A cult icon who influenced Pulbic Image Limited, Brian Eno and The Orb enters his 8th decade.

Before samplers and computers; before rap and electronica; before ambient and new exotica, Holger Czukay was doing it all. A student of Karlheinz Stockhausen and a founding member of Can, the German avant-progressive rock group, the sound of Holger Czukay presaged much of what we take for granted in music today. And despite turning 70, he’s still pushing at the seams and pulling at the threads of music.

Here’s an update of what I wrote in a 1997 piece for the now defunct Pulse Magazine:

Every generation kicks up its music eccentrics, artists like John Cage, Ornette Coleman, Harry Partch and Captain Beefheart, who hear music differently from most of us, and who ultimately change the way we listen. Holger Czukay could easily move to the top of that list. He was a member of the seminal German rock group called Can and he’s gone on to a quirky solo career that has drawn people such as David Sylvian and Jah Wobble into his elliptical orbit for collaborations.
In the late 1990s, Holger Czukay and Can experienced a revival of sorts, rediscovered by the techno-generation as progenitors of cut & paste sampling techniques and by more experimental rockers as free-form explorers of improvisational space. Can and Czukay are cited by artists ranging from The Orb to Tortoise to John Lydon. Mute Records released “Sacrilege,” an album of Can re-mixes that includes Brian Eno reconstructing “Pnoom,” The Orb dissecting “Halleluwah” and Sonic Youth attacking “Spoon.”

We’re featuring Holger Czukay tonight, Monday, March 24 on a special Echoes half hour that will include an interview with the idiosyncratic musician. Holger Czukay is a wildly eclectic and eccentric musician who falls outside just about any category you can come up with. That also means that his music isn’t always easy to wrap your ears around. I recall buying his solo debut, Movies, when it came out in 1979. I returned it after a couple of listens. But 6 months later, I found an entry into his Dadaesque world and Movies became one of my favorite albums with his mix of hipster lounge exotica on “Cool in the Pool” countered by the epic expanse of “Hollywood Symphony.” That album is my first pick for essential Holger Czukay CDs.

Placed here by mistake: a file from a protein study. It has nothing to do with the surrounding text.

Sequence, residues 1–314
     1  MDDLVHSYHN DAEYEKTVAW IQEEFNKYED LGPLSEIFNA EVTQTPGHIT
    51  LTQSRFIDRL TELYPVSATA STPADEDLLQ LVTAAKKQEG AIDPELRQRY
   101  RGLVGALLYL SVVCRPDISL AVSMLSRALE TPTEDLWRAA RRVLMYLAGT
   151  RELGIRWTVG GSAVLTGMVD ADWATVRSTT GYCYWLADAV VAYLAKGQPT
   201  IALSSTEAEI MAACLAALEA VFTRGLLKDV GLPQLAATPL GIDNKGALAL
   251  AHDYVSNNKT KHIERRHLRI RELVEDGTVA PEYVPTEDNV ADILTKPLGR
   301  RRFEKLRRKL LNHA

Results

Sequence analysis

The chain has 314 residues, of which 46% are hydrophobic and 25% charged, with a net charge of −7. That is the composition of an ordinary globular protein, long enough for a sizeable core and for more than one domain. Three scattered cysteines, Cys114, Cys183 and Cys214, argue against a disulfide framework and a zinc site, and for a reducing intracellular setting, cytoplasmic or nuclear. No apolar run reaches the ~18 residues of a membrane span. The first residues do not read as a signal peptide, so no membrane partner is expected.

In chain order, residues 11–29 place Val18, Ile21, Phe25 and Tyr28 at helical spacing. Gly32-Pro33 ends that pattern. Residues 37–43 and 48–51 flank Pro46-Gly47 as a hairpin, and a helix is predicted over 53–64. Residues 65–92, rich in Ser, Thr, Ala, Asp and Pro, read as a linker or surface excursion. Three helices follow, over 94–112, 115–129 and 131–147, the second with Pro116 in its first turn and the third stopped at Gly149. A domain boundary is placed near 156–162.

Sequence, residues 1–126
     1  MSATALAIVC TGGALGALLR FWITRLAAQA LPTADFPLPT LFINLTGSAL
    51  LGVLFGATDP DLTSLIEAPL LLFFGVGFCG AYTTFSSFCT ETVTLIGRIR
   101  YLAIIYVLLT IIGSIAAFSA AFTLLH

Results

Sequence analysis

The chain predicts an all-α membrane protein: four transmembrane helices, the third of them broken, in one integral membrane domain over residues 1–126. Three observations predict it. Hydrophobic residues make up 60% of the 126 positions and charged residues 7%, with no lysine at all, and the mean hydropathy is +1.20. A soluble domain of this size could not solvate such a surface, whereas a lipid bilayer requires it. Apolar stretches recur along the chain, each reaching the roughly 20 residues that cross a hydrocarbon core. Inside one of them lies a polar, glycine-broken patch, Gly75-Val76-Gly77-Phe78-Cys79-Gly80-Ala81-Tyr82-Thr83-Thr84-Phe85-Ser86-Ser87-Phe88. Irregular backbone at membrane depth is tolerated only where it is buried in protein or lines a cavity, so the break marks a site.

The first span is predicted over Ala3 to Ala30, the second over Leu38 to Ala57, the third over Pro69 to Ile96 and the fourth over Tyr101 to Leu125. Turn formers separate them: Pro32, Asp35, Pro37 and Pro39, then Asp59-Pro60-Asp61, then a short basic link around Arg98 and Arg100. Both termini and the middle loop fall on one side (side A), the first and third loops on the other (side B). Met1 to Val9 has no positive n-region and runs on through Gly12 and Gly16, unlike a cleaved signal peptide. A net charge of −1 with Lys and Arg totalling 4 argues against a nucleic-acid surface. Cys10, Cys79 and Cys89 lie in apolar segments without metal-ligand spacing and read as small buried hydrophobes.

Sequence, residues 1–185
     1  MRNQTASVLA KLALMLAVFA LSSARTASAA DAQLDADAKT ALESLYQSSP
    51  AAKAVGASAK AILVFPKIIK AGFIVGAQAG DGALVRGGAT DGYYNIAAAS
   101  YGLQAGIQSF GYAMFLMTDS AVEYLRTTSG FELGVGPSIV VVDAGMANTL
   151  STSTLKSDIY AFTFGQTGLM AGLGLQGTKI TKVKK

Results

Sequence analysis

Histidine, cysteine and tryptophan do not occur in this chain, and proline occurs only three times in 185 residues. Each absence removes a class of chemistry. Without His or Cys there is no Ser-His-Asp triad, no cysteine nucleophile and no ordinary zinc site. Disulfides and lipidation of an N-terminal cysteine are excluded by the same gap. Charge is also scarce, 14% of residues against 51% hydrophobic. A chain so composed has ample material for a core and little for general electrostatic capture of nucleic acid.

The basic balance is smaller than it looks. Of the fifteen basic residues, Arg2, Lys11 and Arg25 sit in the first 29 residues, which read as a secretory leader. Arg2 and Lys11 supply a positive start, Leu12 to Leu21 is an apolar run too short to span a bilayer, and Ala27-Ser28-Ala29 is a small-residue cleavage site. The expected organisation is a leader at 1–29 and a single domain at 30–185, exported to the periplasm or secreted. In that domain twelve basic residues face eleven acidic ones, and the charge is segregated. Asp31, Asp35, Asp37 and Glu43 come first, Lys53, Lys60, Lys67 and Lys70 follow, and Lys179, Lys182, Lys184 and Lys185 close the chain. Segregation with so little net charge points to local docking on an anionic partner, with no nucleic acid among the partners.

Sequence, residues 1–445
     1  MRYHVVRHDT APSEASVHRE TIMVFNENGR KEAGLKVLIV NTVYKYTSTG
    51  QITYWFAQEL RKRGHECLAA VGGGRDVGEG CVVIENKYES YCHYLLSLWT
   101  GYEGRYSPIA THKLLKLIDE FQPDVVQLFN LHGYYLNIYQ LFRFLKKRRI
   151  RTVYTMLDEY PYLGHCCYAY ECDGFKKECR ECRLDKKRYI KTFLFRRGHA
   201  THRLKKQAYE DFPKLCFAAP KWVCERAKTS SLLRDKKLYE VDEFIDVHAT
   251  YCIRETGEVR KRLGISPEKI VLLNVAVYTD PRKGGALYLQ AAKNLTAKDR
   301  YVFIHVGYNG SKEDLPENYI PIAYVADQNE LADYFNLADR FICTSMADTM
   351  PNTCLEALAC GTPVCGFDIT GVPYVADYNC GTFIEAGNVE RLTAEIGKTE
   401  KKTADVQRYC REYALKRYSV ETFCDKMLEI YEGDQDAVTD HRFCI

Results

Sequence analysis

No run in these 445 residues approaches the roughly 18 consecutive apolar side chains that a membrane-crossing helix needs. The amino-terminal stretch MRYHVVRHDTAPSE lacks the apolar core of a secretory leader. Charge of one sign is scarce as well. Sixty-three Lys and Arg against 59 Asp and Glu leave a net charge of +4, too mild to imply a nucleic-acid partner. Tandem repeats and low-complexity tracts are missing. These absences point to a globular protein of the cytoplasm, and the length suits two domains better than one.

The second is his second album, On the Way to the Peak of Normal.  It’s 37 minutes of ecstatic non-sequitor bliss. When we visited Holger’s Cologne studio in 1982, he had a giant, outdoor TV antenna in his studio. He wasn’t using it to get better reception. It was draped with hundreds of tape loops and tape snippets that comprised songs like “Ode to Perfume” from On the Way to the Peak of Normal.

Another album from the early years would be Full Circle, composed with Can drummer Jaki Liebezeit and bassist Jah Wobble, who at the time was working in Public Image, Ltd. It’s zen-dub hipsterism at its best.

Leaping forward, I was taken by the more song oriented spaces of Good Morning Story from 1999.  It mixes cut-up jam sessions and bizarre dialogs centered by Jaki Liebezeit’s metronomic drums and the voice of Czukay’s wife, U-She, a really good singer when she isn’t eerily channeling Nico.

Holger has done some of his most accessible work with David Sylvian, contributing immensely to his albums, Brilliant Trees and Words with the Shaman. But I would point to their collaboration Flux & Mutability, for it’s subversively soothing textures and surreal sound designs.

Finally, you can’t have a complete Holger Czukay collection without some Can. Critics tend to cite their earlier works with whacked out singers Malcolm Mooney and Damo Suzuki. You have to be in the right state of mind to experience albums like Monster Movie and Tago Mago. The records that really sold me on Can were some middle period recordings, Soon Over Babaluma and Landed. Kinetic grooves, lacerating guitar from Michael Karoli and Holger’s throbbing bass and hallucinogenic engineering make these albums classics of post-psychedelia.


I saw Holger Czukay play New York’s Knitting Factory in 1997 to an SRO room. I also saw him play the TLA in Philadelphia in 2004 to about 5 people. That’s wrong. A musician who has never fit into easy popular or critical pigeon-holes, Holger Czukay makes people like Thom Yorke and Trent Reznor seem like corporate cogs. Holger Czukay prefers to be the wrench in the machine.

Again, from my 1997 Pulse article:

Holger Czukay enjoys his status as a homunculus in the machinery of pop music. “I did an interview with German MTV and at the end I asked the director of the station if they had a chief editor. He said, ‛No.’ I said, ‛Take me. I can make your station very successful. Don’t play anything that I like and you’ll become very successful.’”

Damn. I knew that was the problem with Echoes.

John Diliberto

Comment posted by
at 3/25/2008 1:05:31 PM

And let’s not forget where Moby probably got the idea from

Comment posted by
at 3/25/2008 12:05:31 PM

And let’s not forget where Moby probably got the idea from

Leave a Reply

This site uses Akismet to reduce spam. Learn how your comment data is processed.